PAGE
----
I know, I know, it could be worse.  I could live in Maine, where there are so many pine trees the state flower is the pine cone (and a pine cone is not even a flower).  Or I could have Coulter pine trees, with cones so big they’re nicknamed “widowmakers”.  Seriously, these ladies are massive – you don’t want one falling on your head. Speaking of falling, the mere sound of a plummeting cone is unnerving enough.  It’s like a warplane flying overhead and releasing a bomb, only the bomb whistles straight to the ground without detonating. “THUNK”.

I’d have a massive herd of these Scandinavian toys

We shared the story of our pine cone bounty with my brother-in-law, who promptly encouraged us to do something creative with them.  Make wreaths for the holidays.  Turn them into coffee and jam like they do in Eastern Europe.  Sell them as the fertility charm they’re supposed to be.  Nah, I don’t have time for all that.  We’re expecting extra wind in the next few days courtesy of Hurricane Ian.  I have another three thousand pine cones to pick up.

Some content sourced from the HuffPost blog, “Thirteen Things You Never Knew About Pine Cones…”, and Wikipedia, “the free encyclopedia”.

Lost in a Dense Fog

When I first learned to play the piano, it was a challenge to master the weight of the keys. Weighted keys allow the piano’s sound to be louder or softer depending on how hard you press them down. Since fingers vary in size and shape it takes practice before the index and ring fingers (for example) generate the same volume on the keyboard. In hindsight, if I’d chosen the theremin over the piano I could’ve developed the technique much faster because this instrument makes its music without weighted keys. In fact, the theremin makes music without any touch at all.

I should’ve posted about the theremin closer to Halloween because it produces one of the eeriest sounds you’ll ever hear.  Click the red preview button on this list of Theramin Sound Effects and tell me if you disagree. Doesn’t your mind conjure up a ghostly apparition floating in the darkness of a haunted house?  The theremin provides the perfect soundtrack for all things scary. New York Times critic Harold C. Schonberg once described the theremin’s wail as “a cello lost in a dense fog, crying because it does not know how to get home.”  I like that (and it’s much classier than “pig squeal”).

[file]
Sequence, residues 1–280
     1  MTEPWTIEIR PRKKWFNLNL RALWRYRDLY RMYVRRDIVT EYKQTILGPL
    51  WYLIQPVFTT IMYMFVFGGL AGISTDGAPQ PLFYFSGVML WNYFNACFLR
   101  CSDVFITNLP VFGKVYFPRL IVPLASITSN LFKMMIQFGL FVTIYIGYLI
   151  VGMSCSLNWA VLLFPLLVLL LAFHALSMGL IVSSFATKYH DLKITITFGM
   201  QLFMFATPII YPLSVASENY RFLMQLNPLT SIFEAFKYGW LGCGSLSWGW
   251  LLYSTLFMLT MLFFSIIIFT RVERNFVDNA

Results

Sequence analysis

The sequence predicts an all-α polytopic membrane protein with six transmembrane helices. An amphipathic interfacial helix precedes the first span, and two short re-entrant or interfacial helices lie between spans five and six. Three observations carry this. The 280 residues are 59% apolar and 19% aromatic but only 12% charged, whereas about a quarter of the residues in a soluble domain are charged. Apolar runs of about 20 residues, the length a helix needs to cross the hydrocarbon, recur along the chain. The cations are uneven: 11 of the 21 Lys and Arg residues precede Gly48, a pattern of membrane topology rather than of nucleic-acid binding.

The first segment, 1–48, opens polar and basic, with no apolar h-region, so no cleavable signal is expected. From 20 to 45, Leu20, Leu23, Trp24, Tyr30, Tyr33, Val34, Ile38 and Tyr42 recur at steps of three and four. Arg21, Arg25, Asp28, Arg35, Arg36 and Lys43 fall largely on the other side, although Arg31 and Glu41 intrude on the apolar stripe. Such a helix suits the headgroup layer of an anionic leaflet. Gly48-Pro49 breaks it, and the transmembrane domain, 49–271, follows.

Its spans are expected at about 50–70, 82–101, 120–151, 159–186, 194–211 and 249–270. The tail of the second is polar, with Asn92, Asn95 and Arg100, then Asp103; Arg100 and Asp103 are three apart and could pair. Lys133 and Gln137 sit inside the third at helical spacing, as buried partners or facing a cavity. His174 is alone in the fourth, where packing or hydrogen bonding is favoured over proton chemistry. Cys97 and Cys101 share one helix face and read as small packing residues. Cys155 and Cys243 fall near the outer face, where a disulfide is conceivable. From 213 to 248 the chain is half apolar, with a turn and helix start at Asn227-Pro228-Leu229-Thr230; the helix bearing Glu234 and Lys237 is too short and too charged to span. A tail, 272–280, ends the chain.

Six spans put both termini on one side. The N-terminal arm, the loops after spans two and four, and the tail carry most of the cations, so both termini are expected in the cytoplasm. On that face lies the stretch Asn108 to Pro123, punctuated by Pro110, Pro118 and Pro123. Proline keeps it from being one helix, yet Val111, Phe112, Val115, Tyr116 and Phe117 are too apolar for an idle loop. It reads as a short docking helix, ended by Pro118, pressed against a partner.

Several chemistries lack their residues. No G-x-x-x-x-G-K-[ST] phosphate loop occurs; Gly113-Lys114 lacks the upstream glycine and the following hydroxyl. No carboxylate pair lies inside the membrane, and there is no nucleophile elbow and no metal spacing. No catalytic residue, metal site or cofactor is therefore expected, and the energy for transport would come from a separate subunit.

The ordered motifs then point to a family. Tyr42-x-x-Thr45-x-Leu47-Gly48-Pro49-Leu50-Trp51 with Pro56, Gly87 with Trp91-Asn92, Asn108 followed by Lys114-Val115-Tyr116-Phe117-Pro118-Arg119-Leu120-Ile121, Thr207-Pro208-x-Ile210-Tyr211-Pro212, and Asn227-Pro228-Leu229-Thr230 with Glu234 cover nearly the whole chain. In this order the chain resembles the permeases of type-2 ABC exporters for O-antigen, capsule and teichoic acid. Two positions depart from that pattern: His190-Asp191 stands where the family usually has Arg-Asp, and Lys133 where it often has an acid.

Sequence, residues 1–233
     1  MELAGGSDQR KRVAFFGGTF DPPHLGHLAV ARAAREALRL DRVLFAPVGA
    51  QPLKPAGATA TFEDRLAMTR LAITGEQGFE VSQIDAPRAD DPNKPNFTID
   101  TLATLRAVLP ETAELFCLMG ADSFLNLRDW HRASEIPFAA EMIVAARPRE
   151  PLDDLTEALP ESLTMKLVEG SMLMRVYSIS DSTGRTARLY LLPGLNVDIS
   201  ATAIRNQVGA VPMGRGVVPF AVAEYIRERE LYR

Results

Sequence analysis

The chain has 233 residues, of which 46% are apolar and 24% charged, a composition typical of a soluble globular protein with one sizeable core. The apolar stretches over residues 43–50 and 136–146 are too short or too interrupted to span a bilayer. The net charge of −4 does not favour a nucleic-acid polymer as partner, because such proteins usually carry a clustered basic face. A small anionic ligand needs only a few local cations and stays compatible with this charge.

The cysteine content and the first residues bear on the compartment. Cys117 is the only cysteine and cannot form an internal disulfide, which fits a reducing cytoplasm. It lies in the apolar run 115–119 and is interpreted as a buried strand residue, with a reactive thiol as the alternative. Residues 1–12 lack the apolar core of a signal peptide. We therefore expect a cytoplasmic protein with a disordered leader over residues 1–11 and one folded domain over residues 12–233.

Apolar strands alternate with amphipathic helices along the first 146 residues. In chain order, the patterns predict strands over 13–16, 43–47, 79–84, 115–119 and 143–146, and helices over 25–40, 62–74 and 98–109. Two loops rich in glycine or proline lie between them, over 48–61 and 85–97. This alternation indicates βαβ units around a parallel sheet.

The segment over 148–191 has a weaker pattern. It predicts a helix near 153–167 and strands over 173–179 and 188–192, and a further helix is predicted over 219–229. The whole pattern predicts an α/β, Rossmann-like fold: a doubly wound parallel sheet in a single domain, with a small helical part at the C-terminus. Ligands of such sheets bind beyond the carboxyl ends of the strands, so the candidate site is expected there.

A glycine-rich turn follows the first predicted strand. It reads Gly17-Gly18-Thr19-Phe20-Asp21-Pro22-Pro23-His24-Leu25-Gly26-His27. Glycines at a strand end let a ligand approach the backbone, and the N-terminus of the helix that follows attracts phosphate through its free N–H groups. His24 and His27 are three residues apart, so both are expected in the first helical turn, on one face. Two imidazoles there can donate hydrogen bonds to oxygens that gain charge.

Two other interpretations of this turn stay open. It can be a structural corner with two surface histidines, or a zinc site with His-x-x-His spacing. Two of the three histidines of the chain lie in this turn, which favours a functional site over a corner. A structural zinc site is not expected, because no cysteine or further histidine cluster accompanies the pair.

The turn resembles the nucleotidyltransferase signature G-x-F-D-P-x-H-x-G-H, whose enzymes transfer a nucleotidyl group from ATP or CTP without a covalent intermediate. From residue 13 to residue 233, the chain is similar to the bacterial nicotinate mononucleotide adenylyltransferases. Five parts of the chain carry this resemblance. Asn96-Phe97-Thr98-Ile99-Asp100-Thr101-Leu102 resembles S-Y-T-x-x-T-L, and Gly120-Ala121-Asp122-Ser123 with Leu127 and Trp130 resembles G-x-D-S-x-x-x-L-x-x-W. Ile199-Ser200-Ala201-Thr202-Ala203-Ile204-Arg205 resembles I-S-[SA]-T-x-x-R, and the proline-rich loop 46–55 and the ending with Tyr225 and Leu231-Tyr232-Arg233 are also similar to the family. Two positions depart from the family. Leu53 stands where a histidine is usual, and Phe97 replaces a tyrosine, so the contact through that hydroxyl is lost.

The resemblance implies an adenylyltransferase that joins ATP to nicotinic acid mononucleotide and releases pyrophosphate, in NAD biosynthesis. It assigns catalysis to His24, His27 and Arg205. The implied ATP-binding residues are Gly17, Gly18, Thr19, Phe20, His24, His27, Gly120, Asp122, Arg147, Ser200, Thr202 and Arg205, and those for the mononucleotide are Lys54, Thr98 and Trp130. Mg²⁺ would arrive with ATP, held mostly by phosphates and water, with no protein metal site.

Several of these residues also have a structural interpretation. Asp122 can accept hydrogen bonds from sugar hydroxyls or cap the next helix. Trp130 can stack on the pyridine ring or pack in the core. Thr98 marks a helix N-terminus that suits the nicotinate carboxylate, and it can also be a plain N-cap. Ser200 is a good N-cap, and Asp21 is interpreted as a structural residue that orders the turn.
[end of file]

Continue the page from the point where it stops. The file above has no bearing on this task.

How the theremin creates its unique sound involves too much science to keep your attention today (and more words than I want to type).  Suffice it to say, the instrument has two antennae; a looped one to control volume and an upright one to delineate pitch.  The player’s darting hand/finger movements – touching nothing but the air in between – create its spooky music. 

Now watch the following performance.  Seeing the theremin played is almost as jaw-dropping as listening to it.

I find the theremin to be a fish out of water next to traditional orchestra instruments, yet there are several other weirdos out there.  The bassoon features a tiny mouthpiece attached to a massive piece of black pipe and requires a deliberate overbite to create its nasal tones.  The glockenspiel (which gets points for a fancy name) is really nothing more than a metal xylophone.  The tam-tam is a giant gong, lucky to be struck more than once in a performance.  And the hand saw doubles as a musical instrument when you warp and release the blade (and sounds pretty darned close to the theremin).  But each of these outliers requires physical touch to make their sounds.  The theremin sings with mere jabs of the air.